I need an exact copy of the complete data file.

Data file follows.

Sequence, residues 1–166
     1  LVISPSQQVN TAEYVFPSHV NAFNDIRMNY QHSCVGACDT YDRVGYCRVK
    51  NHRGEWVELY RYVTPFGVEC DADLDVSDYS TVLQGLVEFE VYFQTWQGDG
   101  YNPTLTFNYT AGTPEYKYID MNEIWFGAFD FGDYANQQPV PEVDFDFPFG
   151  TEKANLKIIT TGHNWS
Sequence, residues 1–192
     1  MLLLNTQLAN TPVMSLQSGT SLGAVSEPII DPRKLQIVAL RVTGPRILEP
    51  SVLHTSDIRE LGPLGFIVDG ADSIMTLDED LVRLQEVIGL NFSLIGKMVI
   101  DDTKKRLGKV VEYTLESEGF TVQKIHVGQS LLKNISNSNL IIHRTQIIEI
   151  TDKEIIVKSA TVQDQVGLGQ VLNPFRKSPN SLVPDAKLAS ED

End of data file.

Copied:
Sequence, residues 1–166
     1  LVISPSQQVN TAEYVFPSHV NAFNDIRMNY QHSCVGACDT YDRVGYCRVK
    51  NHRGEWVELY RYVTPFGVEC DADLDVSDYS TVLQGLVEFE VYFQTWQGDG
   101  YNPTLTFNYT AGTPEYKYID MNEIWFGAFD FGDYANQQPV PEVDFDFPFG
   151  TEKANLKIIT TGHNWS
Sequence, residues 1–192
     1  MLLLNTQLAN TPVMSLQSGT SLGAVSEPII DPRKLQIVAL RVTGPRILEP
    51  SVLHTSDIRE LGPLGFIVDG ADSIMTLDED LVRLQEVIGL NFSLIGKMVI
   101  DDTKKRLGKV VEYTLESEGF TVQKIHVGQS LLKNISNSNL IIHRTQIIEI
   151  TDKEIIVKSA TVQDQVGLGQ VLNPFRKSPN SLVPDAKLAS ED